Hitting moving targets: effects of target speed and dimensions on movement time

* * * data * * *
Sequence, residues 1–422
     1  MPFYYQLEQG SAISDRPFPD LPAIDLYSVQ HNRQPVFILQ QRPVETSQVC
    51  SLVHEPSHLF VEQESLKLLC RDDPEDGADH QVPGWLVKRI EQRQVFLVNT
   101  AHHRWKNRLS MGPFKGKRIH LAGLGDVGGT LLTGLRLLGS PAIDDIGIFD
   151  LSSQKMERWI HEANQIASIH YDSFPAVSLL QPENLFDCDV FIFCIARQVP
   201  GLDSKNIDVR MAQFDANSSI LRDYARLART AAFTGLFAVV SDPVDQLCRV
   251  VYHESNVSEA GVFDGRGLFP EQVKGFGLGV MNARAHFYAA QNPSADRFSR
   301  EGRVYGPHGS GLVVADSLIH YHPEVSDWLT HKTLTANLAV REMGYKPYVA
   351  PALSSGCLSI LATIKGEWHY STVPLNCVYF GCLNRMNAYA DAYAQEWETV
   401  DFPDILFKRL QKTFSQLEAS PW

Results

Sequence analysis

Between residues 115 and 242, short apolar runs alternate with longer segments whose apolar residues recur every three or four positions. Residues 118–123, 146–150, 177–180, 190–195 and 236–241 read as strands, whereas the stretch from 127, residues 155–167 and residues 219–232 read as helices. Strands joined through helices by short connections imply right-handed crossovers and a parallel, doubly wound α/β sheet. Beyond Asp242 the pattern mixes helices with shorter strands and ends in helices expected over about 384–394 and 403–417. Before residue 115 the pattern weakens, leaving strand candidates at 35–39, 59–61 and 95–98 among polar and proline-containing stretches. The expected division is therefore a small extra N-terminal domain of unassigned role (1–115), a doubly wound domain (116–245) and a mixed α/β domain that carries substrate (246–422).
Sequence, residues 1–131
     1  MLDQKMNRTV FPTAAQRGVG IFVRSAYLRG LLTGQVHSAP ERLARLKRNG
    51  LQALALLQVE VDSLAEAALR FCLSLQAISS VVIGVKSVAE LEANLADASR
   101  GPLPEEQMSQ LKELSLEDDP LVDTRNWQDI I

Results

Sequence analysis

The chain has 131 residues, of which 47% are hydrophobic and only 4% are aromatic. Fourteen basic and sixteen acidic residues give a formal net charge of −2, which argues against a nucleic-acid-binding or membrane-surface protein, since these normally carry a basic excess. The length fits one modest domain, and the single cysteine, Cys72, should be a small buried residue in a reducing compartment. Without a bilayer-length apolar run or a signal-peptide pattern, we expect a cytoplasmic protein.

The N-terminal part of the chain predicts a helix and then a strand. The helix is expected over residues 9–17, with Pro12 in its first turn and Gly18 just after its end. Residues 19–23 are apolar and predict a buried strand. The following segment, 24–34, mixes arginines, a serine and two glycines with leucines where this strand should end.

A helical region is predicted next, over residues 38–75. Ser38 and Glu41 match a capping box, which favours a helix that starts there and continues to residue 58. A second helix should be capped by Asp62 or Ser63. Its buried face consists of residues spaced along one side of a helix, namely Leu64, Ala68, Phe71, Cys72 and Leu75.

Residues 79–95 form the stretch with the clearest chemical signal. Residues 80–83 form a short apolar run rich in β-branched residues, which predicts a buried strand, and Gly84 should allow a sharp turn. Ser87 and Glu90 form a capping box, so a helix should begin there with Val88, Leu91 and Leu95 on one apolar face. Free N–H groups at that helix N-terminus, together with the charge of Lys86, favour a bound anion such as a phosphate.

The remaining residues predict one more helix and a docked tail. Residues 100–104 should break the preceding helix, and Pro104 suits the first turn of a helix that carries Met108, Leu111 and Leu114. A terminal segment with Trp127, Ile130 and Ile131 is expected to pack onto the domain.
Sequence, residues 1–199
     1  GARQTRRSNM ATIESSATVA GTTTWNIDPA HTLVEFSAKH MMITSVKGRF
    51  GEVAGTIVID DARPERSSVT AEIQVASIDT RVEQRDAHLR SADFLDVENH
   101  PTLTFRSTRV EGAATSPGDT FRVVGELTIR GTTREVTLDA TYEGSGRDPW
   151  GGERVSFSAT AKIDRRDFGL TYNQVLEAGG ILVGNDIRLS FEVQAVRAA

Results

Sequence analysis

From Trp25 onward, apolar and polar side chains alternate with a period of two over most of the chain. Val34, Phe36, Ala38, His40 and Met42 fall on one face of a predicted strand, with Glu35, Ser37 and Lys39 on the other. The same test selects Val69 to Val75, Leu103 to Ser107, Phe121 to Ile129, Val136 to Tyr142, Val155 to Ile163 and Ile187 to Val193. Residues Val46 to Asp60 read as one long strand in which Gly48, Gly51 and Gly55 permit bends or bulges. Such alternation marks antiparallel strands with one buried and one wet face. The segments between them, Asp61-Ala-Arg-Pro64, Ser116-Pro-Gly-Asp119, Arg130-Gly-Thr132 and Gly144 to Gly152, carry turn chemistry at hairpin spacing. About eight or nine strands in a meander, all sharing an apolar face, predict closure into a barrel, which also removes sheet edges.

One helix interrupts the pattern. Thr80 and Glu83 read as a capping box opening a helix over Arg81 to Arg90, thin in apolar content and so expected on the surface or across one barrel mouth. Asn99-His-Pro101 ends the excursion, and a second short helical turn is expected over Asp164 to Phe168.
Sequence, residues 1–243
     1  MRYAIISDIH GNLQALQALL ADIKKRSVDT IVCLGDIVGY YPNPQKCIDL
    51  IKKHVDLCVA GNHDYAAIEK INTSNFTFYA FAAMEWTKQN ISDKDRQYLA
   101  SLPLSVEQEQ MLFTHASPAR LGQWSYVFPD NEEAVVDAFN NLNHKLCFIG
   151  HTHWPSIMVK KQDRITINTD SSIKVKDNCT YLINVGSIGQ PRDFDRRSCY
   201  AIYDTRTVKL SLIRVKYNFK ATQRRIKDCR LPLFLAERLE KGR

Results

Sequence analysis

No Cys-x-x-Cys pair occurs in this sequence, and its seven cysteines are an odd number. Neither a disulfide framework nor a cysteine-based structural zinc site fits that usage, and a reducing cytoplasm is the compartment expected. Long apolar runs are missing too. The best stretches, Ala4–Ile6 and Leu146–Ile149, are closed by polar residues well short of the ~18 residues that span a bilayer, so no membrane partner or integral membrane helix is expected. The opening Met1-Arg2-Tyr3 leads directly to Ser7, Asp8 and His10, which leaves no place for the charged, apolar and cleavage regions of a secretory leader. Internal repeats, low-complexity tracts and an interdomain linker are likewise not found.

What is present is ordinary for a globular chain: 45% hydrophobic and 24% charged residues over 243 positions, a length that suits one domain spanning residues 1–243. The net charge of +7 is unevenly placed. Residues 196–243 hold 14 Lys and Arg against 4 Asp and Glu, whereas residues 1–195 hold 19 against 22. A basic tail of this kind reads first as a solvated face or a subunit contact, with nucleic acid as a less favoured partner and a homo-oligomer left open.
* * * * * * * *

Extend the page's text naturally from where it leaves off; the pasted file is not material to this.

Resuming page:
Three experiments investigated the effect of movement time (MT) and movement velocity on the accuracy and initiation of linear timing movements. MTs of 100, 200, 500, 600, and 1000 msec were examined over various distances; timing accuracy decreased with longer MTs and slower average velocities. The velocity effect was independent of MT and occurred when the velocities were above and below about 15 cm/sec. Self-paced initiation times to movement increased directly with MT and inversely as a function of movement velocity. The latency data complement the MT findings in suggesting that average velocity is a key parameter in the initiation and control of discrete timing movements and, that there is some lower velocity below which movement control breaks down.